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Fraunhofer IWU: Precision-fit windings – innovative forming technology makes electric motors more powerful and efficient

June 8, 2023. Electric motors play a key role in the mobility revolution: Their operation does not cause any emissions that are harmful to the environment or the climate. Nevertheless, weight, required installation space and, in particular, energy consumption contribute significantly to the ecological footprint of a vehicle. An important factor for the efficiency of an e-machine is the degree of utilization of the available installation space for the copper windings in the stator. Fraunhofer IWU is now relying on forming production processes to increase the so-called slot filling factor from the current average of 50 percent to over 80 percent by means of position-matched windings.

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A groove in the stator could be filled to over 80 percent by a position-adapted wire geometry. State of the art for today's windings: 50 percent. (Photo: Fraunhofer IWU)

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The automotive industry usually relies on the so-called permanently excited synchronous motor for electric drives. This consists of the essential components stator and rotor. The rotor is the rotating inner part of the motor, which contains a set of permanent-magnet poles that interact with the magnetic field of the stator. The stator is the stationary outer part of the motor, which contains a set of coils that are supplied with electric current to generate an alternating magnetic field. As a result, the rotor rotates at a certain speed, depending in particular on the intensity and frequency of the magnetic field.

The use of concentrated windings, also known as toothed coils, is particularly suitable for the simple construction of a stator while at the same time making targeted use of materials. Here, the coils of copper wire each wrap around one tooth of the stator. Due to the circular outer geometry of the stator, trapezoidal grooves are formed between the teeth. However, according to the current state of the art, automated winding processes with round wire can usually only fill about half of these grooves. Grooves filled to more than 80 percent would further improve the efficiency and power output of the motor due to lower electrical resistance, better current flow and resulting higher magnetic field strength; alternatively, a motor could be dimensioned smaller for the same power output, and the weight and required installation space would be reduced.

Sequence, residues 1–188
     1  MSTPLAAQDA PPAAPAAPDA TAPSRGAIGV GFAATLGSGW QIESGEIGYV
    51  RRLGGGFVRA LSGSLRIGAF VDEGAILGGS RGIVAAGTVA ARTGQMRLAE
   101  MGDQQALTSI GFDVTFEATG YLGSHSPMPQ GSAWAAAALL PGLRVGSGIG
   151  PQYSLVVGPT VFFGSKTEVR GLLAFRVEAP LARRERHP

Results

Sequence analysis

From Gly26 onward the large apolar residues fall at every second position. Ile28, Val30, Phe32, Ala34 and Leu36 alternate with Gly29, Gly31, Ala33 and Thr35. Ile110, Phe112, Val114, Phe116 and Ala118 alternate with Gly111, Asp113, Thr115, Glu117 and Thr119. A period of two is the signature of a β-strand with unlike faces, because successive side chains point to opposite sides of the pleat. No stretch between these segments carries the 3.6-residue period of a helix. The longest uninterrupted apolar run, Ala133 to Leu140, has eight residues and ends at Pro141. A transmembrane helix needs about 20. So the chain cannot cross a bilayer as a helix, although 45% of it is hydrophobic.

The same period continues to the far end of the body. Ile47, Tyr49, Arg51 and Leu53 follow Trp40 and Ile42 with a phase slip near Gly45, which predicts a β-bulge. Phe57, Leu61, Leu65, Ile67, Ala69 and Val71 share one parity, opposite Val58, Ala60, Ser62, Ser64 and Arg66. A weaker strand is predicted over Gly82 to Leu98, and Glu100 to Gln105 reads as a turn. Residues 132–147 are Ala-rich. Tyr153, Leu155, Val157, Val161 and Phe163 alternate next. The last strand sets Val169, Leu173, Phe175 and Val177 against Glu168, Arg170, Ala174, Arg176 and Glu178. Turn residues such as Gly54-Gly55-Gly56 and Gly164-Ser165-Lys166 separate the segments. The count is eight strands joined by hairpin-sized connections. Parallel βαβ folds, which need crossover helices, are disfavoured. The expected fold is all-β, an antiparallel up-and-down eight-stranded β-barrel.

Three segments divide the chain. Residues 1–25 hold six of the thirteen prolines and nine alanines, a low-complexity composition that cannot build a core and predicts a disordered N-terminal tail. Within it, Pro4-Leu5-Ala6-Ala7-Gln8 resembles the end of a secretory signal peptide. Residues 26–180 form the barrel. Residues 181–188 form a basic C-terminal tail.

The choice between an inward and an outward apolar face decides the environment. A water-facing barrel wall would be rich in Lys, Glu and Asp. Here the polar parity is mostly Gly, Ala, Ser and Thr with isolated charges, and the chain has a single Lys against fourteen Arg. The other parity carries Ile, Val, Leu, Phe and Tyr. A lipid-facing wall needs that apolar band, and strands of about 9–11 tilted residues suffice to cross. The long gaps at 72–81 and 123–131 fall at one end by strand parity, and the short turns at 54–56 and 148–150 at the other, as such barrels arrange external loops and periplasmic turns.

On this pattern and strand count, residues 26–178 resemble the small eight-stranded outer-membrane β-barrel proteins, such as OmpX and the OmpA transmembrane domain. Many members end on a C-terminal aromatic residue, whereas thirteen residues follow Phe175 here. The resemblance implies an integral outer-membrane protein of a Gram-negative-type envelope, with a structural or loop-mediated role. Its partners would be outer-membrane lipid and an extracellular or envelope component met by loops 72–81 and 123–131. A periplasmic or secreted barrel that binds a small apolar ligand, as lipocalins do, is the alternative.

The Fraunhofer IWU is researching forming process chains for the production of electromagnetic tooth coils in order to increase the groove filling factor. The special feature here is that, depending on the position within the slots, the wire is to be designed geometrically in such a way that the space available at the respective position is filled in the best possible way (position-adapted winding geometry). For example, at the level of the wider base side in the trapezoidal groove, a flat and wide design of the winding makes sense, while on the short base side a narrow wire geometry stands for the best possible utilization of space. The conductivity of the wire in the respective geometry must also be taken into account.

For the production of such a winding, in which the wire and windings require different geometries depending on their position, Fraunhofer IWU relies on forming technology, as this approach has a number of advantages. During production, the material is utilized in the best possible way, and there is no waste material that would have to be recycled. Compared to additive manufacturing processes, for example, the energy required for production is low; simple tools are all that is needed to produce high volumes in short cycle times and thus ensure economical manufacturing.

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Photo: Fraunhofer IWU

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